– Vitamin D: useful for maintaining healthy bones, especially during the growth period, to prevent rickets and contribute to calcium production.
– Amino acids. This sugar is rich in lysine, improves cartilage health, while helping to prevent osteoporosis.
– Arginine: essential to fight against fatigue.
– Trace metals: potassium, magnesium, zinc, iron and phosphorus.
– Inulin, which is a fiber that can reduce the glycemic index of foods. This is why panela has a much lower glycemic curve and 23% calories less than normal sugar. But be careful, even if its glycemic index is very low, it contains a high percentage of sucrose and is therefore not suitable for diabetics.
What is yuca?
Today’s nuegados are nuégados salivadoreños de yuca. So I chose cassava aka yuca!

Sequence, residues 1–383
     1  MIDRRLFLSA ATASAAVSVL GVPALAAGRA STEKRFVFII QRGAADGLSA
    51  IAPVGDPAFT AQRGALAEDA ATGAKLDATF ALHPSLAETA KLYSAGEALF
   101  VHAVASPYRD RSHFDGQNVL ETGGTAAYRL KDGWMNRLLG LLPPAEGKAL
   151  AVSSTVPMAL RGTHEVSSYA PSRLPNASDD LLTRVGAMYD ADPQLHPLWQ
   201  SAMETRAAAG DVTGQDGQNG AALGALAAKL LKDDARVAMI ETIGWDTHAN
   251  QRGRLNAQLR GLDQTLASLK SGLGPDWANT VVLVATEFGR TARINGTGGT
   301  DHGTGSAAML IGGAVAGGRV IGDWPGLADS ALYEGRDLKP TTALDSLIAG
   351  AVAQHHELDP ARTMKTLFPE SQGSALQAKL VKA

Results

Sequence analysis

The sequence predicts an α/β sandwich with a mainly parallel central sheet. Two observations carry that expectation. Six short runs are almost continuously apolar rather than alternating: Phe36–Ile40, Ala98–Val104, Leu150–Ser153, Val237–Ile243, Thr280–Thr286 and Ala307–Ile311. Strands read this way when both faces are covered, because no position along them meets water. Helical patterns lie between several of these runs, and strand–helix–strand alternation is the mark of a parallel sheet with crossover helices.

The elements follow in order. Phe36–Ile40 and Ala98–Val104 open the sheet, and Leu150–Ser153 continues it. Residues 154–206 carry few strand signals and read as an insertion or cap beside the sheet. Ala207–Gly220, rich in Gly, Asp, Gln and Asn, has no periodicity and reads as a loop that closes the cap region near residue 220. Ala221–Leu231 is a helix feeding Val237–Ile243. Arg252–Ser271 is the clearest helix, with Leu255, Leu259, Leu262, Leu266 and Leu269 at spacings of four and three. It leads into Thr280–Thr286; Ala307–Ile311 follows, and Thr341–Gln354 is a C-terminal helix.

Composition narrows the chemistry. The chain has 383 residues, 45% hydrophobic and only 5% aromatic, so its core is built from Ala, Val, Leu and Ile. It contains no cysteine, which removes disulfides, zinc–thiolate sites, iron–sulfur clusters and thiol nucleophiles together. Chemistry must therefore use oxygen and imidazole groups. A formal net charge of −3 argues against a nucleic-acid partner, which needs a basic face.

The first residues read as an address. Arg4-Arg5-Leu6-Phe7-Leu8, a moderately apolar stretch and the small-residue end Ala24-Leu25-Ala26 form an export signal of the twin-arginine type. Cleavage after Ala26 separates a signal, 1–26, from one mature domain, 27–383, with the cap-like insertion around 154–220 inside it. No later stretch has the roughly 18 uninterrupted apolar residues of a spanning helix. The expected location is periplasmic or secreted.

For those who do not yet know this delicious cassava, let’s discover together this root of ancient origin, rich in carbohydrates, iron and calcium. It is also called the root of the Mayans.
The earliest known evidence of cassava cultivation, found at the Mayan site of Joya de Ceren, El Salvador, dates back to 1,400 years ago.
But in reality, cassava comes from the subspecies flabellifolia, native to west-central Brazil. In this region, cassava has probably been cultivated for at least 10,000 years. The discovery of pollen on the archaeological site of San Andrés proved the presence of cassava in the Gulf of Mexico a little more than 6,600 years ago.
After the arrival of Europeans on the American continent, the Portuguese were the first to export and introduce it at African plantations, where it is still grown in large quantities.
There are 2 types of cassava: